Australia on Wednesday acknowledged that some of the attacks on Indians were racist in nature, causing considerable damage to its reputation among Indian people and said its premier criminal research agency has been roped in to study the issue and suggest remedial measures.

“I acknowledge absolutely that this issue has caused considerable damage to Australia’s reputation among Indian people. We have to work very hard to address that. We have to be open, transparent and upfront about that,” visiting Australian Foreign Minister Stephen Smith told reporters here.

He said some of the attacks are racist in nature or having racial overtones.

“We know that a number of these assaults are racist and have racial overtones. These are absolutely contemptible.

We are doing a range of things in future to better portray modern Australia. We want to underline the strength of relationship between India and Australia,” Mr. Smith said.

However, both the countries have agreed that the issue should not be allowed to affect the bilateral ties which has grown immensely in the last two years, he said.

The Australian Institute of Criminology (AIC) has been entrusted with the task of studying the issue in depth and ensure whether the government’s response to the attacks has been apt, Mr. Smith said

Giving details about the study entrusted to the AIC, Mr. Smith said the institute, which is a premier agency in criminal justice research, will study the issue from all aspects and examine the response of the Australian government.

“Our police authority in Australia does not keep statistics on the basis of nationality. It has been difficult to do an exhaustive statistical analysis of the assaults. The institute will do the study to get a better understanding of the issue,” he said.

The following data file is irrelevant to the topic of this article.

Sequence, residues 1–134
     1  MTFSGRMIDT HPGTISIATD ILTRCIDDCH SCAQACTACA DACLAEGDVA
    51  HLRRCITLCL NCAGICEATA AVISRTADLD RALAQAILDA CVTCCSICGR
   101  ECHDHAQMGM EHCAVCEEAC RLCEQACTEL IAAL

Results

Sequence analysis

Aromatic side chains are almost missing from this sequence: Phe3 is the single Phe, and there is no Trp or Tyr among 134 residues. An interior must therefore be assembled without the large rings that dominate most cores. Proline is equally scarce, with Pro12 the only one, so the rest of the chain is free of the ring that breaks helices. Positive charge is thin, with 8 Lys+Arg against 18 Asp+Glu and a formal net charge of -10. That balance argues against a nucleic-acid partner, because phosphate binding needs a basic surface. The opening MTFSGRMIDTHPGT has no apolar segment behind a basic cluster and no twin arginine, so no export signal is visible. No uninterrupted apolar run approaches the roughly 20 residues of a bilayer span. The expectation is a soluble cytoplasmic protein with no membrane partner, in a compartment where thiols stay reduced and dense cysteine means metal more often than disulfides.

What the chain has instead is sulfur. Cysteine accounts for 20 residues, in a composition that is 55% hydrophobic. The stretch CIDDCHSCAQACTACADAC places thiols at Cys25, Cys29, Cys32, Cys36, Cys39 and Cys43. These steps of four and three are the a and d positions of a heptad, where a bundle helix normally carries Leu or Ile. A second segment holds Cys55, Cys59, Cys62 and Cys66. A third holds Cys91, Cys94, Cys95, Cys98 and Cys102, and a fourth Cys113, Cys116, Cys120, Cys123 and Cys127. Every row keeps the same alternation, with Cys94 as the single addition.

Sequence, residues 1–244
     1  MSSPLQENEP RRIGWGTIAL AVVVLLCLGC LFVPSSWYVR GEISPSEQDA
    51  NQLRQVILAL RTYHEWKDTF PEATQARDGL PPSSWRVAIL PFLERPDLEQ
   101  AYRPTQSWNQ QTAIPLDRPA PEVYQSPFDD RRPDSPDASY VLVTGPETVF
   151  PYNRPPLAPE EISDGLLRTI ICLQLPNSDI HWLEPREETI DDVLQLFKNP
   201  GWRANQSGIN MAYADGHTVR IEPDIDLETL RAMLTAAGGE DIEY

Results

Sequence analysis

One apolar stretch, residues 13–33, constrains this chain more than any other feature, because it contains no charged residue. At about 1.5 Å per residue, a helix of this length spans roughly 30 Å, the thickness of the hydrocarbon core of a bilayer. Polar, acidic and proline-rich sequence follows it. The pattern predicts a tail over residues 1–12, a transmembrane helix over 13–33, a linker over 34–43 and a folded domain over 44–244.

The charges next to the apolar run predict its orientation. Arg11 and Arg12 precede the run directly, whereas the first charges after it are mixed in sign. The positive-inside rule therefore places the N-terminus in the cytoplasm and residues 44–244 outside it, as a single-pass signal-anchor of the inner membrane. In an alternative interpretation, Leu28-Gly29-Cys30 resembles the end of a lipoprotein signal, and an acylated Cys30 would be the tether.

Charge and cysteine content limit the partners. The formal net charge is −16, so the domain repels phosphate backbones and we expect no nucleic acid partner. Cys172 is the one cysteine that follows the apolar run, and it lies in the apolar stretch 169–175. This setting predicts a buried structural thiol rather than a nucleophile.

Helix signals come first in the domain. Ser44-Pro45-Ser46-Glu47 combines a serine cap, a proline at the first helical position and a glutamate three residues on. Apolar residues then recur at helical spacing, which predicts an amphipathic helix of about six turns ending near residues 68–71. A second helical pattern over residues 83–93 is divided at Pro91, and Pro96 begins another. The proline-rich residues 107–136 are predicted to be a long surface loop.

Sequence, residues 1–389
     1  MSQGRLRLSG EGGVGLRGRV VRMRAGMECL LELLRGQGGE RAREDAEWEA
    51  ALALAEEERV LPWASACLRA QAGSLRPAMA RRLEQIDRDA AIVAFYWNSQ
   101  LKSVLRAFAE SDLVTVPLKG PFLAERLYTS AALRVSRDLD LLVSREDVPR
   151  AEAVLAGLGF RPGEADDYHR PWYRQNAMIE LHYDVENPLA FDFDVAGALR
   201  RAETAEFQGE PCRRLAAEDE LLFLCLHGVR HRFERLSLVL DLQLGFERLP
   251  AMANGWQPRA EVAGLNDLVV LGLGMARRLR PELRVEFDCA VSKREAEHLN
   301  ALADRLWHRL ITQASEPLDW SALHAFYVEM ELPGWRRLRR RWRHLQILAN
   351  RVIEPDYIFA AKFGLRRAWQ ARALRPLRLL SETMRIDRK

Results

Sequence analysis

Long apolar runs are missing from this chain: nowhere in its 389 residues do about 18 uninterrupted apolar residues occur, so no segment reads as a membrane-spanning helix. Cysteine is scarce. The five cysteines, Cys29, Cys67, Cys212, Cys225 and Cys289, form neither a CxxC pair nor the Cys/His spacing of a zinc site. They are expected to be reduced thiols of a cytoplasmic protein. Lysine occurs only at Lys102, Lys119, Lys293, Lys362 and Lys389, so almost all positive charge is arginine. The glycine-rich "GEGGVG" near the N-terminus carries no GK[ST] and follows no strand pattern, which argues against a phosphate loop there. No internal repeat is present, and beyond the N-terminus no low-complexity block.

“We want to see whether the Institute of Criminology can give us a deeper and further understanding to make sure that we are responding in a every possible way and that we are doing everything that we can,” Mr. Smith said.

The Minister had a series of meeting in recent months with his Indian counterpart S. M. Krishna over the issue.

“I want to give the message that we have zero tolerance to any such attack. We want to bring the culprits to justice,” he said.

Mr. Smith said there have been convictions in many cases while investigation was going on in 70 cases. “We want to ensure that any visitor to Australia experiences what the people of the country experience,” he said.

Mr. Smith said several initiatives have been taken by his government to check such incidents. “We abhor violence. We abhor these attacks”.

“Minister Krishna and I had a number of conversations on these matters and we agreed that we do not want this issue (attacks on Indians), however, difficult, to adversely reflect on the strength of the relationship,” Smith said.

In last two years, Australia and India have taken the bilateral relationship to a high level. The Prime Ministers of both the countries have signed the strategic partnership in November last year. There has been much higher level of engagements, he said, adding that the purpose of his visit is to advance and pursue the strategic partnership.

Mr. Smith said both India and Australia share certain values which bind the countries together.

“We are both parliamentary democracy. India is the largest democracy of the world and we both respect rule of law and individual human rights,” he said.

Mr. Smith will also discuss with the government the security arrangements for Commonwealth Games and the facilities for the games.

“I am very pleased with the coordination and cooperation that the commonwealth countries are receiving from India over this matter. We need to be absolutely vigilant till the completion of the game,” he said.

“We are satisfied that the Indian authorities are doing everything that they can. In many respects, the Hockey World Cup has been regarded a censored dry run for the Commonwealth Games. People are happy with the security arrangements for this world cup,” he added.